Nighttime – two years ago looked like this: I’d wake up to nurse a crying, hungry newborn. I’d scoop her up, unwrap her swaddle and bend to change her, my post-partum back and hips aching. I’d finish swaddling her, prop up the pillows on my side of the bed and gingerly lean back to nurse her. Then, as my baby girl suckled, the only thing that ached was my heart, as I would look over at the empty spot in the bed, talk internally to my husband who had just died and say, “You’re supposed to be here.”

The quiet moment would soon be over because then, across the hall, my two-year-old twins would start hollering and crying for me. I’d wait for her finish nursing, knowing my boys were safe in their cribs, knowing they were together. I’d rush to put her back to bed and go to my boys. They would have night-terrors and there was no waking them from it, so I’d just sit there with them, their bodies writhing against my arms that tried to hold them close. As they kicked and punched me, and screamed off into space, I couldn’t do anything but just sit there until they slid back into a comfortable sleep. I’d scoop them off the floor and put them back in their cribs. Sometimes I wouldn’t have enough energy to walk back to my room, so I’d crawl through the hallway and scoot myself back into bed until the process would start all over again in a couple hours. During the quiet in between the chaos, I’d hold back tears, wanting to scream, “You’re supposed to be here!”

In the midst of all the exhausting, joyful, hair-pulling moments that are motherhood with three kids under 5, I’ve heard comments like, “It would be hard even if your husband was alive because he’d be at work all day long.” But it’s not the same. Yes, I still clean the house, do the laundry, the grocery shopping and the child rearing. I still find my days spent going through the endless cycle of picking up toys, but now I also have to figure out how to do all the things my husband did like that small detail of making a living, add to that the energy it takes to grieve him and all that was lost with him. I constantly think in the back of my mind, “My life would look different if he were alive.” But he’s not. He doesn’t come home to complete this partnership that I signed up for when we got married.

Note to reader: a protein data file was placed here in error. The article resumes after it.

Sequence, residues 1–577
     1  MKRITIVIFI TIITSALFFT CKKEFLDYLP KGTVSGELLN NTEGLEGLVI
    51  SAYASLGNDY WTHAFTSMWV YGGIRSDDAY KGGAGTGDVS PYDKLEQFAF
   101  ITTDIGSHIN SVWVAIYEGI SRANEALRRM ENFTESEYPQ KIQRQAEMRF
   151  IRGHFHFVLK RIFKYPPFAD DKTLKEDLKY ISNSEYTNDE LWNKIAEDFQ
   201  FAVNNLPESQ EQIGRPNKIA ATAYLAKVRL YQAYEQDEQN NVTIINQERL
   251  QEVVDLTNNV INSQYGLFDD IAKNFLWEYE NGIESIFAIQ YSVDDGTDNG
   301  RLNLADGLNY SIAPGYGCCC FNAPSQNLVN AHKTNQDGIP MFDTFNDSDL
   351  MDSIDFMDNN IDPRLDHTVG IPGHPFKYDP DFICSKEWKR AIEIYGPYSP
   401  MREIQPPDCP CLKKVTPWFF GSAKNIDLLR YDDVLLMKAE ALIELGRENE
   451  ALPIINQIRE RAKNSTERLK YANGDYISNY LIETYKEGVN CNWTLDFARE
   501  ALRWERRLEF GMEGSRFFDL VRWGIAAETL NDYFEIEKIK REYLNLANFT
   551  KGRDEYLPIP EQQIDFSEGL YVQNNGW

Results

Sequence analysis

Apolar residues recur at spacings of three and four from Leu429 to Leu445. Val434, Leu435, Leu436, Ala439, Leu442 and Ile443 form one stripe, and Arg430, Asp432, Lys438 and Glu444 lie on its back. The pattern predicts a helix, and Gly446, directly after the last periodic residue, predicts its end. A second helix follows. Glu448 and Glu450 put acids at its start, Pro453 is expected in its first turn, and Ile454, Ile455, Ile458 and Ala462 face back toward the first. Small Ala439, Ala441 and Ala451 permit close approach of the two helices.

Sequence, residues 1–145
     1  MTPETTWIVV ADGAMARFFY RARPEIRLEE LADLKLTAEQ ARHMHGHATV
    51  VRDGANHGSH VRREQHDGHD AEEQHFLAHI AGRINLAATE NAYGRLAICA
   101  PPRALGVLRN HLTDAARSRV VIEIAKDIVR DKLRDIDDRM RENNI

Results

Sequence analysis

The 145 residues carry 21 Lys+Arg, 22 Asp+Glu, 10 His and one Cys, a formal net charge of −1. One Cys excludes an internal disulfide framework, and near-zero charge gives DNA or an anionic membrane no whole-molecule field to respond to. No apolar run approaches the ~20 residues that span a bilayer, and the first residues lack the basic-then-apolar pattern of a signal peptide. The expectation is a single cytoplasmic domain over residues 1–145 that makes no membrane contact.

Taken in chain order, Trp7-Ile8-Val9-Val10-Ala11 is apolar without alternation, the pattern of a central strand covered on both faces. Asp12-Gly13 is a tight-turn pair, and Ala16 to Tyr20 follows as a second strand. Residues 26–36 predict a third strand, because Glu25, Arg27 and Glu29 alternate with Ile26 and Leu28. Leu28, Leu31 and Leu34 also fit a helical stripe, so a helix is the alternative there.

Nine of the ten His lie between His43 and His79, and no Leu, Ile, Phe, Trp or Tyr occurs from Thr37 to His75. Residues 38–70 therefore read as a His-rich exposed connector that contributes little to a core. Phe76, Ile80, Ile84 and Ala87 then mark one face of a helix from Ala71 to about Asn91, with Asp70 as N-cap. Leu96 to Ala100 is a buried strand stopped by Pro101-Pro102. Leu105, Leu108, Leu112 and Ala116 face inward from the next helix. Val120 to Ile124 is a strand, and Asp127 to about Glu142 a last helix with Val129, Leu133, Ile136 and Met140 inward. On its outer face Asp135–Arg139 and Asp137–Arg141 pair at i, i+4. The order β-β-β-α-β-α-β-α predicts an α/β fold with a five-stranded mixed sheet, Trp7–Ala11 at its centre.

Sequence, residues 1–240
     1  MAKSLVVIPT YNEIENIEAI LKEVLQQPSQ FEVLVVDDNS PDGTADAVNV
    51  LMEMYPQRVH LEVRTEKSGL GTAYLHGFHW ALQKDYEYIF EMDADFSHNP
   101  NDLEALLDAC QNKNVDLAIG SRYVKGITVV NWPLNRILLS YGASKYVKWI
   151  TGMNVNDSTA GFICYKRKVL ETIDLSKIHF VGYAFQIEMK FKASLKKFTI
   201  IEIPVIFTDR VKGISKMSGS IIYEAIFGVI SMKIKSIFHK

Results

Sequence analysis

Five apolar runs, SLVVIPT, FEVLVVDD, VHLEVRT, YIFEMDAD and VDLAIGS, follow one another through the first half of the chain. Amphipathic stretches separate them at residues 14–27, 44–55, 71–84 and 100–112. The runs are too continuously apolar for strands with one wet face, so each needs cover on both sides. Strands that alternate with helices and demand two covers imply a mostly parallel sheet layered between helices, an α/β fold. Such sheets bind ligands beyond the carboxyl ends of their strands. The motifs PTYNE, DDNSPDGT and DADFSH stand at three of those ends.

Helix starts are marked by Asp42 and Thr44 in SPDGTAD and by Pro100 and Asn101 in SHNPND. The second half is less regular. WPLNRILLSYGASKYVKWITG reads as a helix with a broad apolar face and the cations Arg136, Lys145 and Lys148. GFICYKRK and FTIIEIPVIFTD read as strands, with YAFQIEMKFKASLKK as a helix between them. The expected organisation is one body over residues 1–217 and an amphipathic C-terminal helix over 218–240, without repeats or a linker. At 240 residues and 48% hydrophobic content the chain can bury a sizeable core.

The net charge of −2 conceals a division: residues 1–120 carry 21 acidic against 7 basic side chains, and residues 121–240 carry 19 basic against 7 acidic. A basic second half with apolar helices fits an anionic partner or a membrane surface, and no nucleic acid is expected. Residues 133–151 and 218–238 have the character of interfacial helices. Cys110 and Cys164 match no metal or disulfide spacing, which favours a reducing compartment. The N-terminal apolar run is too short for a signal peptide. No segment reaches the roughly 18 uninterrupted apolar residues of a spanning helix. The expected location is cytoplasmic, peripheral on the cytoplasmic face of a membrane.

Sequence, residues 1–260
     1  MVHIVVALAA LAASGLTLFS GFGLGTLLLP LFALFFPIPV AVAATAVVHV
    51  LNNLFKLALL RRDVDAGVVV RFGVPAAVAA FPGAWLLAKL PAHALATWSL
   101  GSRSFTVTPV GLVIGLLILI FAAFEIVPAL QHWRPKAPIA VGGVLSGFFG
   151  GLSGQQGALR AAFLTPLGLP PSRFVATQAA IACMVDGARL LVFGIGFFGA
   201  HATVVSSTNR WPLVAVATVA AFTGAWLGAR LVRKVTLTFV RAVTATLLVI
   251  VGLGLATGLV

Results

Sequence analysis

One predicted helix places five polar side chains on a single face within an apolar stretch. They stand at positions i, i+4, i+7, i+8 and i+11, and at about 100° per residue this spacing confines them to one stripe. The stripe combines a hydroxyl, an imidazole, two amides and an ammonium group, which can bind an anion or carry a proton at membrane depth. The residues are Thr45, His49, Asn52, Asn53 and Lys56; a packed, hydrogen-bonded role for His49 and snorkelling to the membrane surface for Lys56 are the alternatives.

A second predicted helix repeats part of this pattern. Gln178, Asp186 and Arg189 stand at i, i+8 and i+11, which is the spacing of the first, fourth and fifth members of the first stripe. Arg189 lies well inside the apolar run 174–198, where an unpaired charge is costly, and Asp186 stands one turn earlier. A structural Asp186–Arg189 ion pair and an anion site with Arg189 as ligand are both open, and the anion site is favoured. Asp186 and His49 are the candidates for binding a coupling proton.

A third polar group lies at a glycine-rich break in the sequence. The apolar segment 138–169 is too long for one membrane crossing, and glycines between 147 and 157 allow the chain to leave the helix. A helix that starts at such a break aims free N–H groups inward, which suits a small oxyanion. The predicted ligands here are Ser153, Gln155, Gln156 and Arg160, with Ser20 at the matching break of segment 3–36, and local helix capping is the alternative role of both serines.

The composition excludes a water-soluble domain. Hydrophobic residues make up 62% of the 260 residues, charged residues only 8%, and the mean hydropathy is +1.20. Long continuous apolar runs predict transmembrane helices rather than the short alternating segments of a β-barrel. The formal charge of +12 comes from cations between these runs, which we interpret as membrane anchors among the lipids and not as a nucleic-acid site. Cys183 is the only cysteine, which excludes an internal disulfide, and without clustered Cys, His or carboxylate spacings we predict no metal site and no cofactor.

Now, two years later, I’m living with my parents for that extra set of hands needed for late-night ear infections and nightmares. But parenting alone still makes my heart ache. Not in the tough moments, but the beautiful ones. When I watch my daughter twirl around, this beautiful little girl holding her hand out to be danced with, I think, “You’re supposed to be here.” Or when either of my sons say something so funny, I turn and realize I have no one to share it with. Or when I put them to bed and one of them asks the questions Daddy would know the answers to, I think, “You’re supposed to be here.”

It’s in these moments that I have to add, “But I’m here.” This fuels me to keep going when my kids exhaust me and empower me at the same time. I remind myself, “I am doing this and I’m doing a damn good job…considering.” I think he’d agree.

Nicole Hastings

Nicole is a is a widowed mom to three children. With a background in journalism and a sudden need to “figure out what to do,” she turned to writing about her experience with a husband with cancer, caregiving and widowed parenting and overcoming the aloneness of all of the above. She believes the art of storytelling brings people out of the dark into the light together to share in joy, humor, suffering and pain in life. She hopes that by sharing her story with transparency and heart will bring others hope and empower them to share their own stories.
Facebook: @JustAMomNicoleHastings